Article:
Consumer Trends

Got milk?

Dairy consumption is on the rise, with health-conscious milk lovers beginning to seek out the cream of the crop. But UHT may be with us for a while yet

Sofie Lisby
August 5, 2014
Got milk?
Holstein Freisian cattle, originally imported from Holland, are known as the world's highest-production dairy animals dairy animals. Photo: Sofie Lisby

AT THE END OF A LONG, potholed road halfway up Gunung Kawi mountain in East Java lies PT Greenfields dairy farm. The farm is home to more than 6,000 imported Holstein Freisian cows, a modern milking parlour and a state-of-the-art processing facility that treats about 70 tonnes of raw milk every day. Besides supplying the local Indonesian market with single-pasteurised milk, ultra high temperature (UHT) milk, whipping cream and a range of other dairy products, Greenfields exports its products to Singapore, Malaysia, Hong Kong and the Philippines. It’s quite the logistical feat, considering the relatively remote location of the farm, but in today’s Southeast Asia, milk is big business.

Dairy consumption in Southeast Asia is on the rise. According to Dairy – Milk for the Asean-6 Tigers, a report from 2013 by Rabobank on dairy consumption in Indonesia, Thailand, Malaysia, Singapore, the Philippines and Vietnam, regional dairy consumption will outpace the rest of the world – second only to China – by 2020. The report also estimates that by 2020, the Asean-6 countries, excluding Singapore, will consume three billion litres more milk annually than they did in 2012.

“The Asean-6 countries will exhibit annual growth rates in dairy consumption that are well above the world average,” said Michael Harvey, senior analyst, food and agribusiness research and advisory at Rabobank International and author of the report. “Within the Asean region, the fastest rates of growth are expected in Indonesia and Vietnam.”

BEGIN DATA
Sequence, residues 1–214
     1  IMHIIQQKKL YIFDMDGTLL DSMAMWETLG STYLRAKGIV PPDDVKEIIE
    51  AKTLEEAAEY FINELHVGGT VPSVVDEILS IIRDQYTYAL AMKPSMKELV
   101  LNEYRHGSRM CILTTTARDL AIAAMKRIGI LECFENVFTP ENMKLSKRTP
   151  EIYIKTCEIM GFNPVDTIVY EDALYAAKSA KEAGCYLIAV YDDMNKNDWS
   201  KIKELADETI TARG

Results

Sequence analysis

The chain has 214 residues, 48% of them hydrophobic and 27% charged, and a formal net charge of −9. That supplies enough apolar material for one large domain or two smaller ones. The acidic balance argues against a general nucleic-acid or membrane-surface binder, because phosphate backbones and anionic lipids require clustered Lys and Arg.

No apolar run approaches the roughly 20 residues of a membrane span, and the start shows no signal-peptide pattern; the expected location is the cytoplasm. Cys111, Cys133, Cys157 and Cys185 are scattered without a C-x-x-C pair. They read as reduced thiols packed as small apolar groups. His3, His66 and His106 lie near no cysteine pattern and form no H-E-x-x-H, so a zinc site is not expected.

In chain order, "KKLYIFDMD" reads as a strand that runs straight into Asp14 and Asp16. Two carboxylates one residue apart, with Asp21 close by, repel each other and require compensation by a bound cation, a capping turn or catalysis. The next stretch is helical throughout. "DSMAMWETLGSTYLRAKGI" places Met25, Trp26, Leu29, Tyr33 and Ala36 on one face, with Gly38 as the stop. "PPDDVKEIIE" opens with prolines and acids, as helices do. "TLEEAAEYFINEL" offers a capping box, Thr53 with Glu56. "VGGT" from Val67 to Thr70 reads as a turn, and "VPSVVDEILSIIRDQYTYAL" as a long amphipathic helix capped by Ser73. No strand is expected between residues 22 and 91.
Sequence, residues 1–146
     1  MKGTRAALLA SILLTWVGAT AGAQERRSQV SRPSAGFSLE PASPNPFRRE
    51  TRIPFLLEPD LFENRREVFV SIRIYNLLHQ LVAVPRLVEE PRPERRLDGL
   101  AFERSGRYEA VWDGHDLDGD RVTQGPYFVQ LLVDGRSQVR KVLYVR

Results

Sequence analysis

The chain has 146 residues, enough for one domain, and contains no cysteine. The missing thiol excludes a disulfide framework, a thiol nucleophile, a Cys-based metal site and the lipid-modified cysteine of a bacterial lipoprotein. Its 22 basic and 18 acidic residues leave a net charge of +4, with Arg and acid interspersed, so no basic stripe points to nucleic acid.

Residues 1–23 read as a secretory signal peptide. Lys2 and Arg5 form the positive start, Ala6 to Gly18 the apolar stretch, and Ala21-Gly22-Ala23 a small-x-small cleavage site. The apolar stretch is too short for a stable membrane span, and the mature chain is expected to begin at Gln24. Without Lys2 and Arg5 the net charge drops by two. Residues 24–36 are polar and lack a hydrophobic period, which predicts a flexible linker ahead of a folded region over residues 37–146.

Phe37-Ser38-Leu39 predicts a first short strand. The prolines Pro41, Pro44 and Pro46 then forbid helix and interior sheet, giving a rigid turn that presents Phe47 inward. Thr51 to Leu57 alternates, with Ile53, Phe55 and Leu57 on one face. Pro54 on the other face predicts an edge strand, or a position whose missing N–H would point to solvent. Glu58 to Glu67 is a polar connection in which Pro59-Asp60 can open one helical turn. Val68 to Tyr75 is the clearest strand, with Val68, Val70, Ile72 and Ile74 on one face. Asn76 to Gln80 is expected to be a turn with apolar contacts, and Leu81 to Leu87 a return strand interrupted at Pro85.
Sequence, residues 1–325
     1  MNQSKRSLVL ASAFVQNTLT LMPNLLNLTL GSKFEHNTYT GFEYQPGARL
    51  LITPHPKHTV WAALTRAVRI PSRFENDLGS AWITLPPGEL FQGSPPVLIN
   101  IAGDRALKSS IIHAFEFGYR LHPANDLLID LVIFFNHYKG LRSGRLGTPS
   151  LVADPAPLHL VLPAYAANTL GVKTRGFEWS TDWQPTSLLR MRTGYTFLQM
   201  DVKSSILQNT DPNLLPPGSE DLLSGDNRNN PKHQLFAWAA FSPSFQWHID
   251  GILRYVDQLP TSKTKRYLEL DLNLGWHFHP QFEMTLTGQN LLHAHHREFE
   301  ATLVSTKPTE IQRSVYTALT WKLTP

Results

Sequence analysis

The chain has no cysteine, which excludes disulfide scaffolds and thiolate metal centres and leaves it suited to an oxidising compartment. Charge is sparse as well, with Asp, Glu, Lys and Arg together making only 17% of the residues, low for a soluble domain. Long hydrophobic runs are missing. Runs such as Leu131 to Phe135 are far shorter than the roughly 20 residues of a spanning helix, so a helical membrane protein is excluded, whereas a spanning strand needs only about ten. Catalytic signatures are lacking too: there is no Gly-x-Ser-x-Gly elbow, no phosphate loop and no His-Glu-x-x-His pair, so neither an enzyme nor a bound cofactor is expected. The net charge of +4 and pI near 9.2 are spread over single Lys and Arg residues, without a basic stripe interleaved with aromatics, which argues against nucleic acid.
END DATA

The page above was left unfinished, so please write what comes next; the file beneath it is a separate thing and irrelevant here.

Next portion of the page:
While increasing, the region’s per capita dairy consumption is still low in comparison to the rest of the world and that leaves huge potential for growth. The current yearly consumption rates across the region vary greatly and are dwarfed by those in Japan, the US and Europe (see graphic below).

Although dairy markets in Asean-6 differ, they also share some characteristics that support strong growth in dairy consumption. These markets are all experiencing rapid urbanisation, which enables dairy producers to reach more consumers. Technological advancements improve distribution networks and the spread of convenience stores means fresh milk and milk products are readily available. 

Cows assemble in lines on either side of the milking parlour with vacuum machines attached to the udders’ teats. Photo: Sofie Lisby

“The long-term drivers of dairy consumption are fairly consistent across the Asean economies,” said Harvey. “Bustling consumer markets underpin demand for dairy products. Consumers are urbanising, and have growing disposable incomes, which means [greater] demand for dairy. Not only that, but consumers have a greater appreciation for the benefits of consuming dairy products.”

Rising income levels combined with young and expanding populations in most of the Asean-6 countries supports a growing number of middle-income consumers who are increasingly aware of the importance of a healthy lifestyle. Government programmes promoting the benefits of dairy consumption are also present in all of the Asean-6 countries and children are introduced to dairy at an early age through school initiatives. 

Another big driver of dairy demand is the increasing presence in the region of Western fast food and coffee chains, according to Jan Vistisen, head of marketing and sales at AustAsia Food, the Singapore-based sales, marketing and distribution arm of PT Greenfields.

“Coffee chains such as Starbucks and Coffee Bean & Tea Leaf spend as much money on milk as they do on coffee, and the quantities of fresh milk they consume are enormous,” he said. “Similarly, burger and pizza chains have great demand for cheese products.”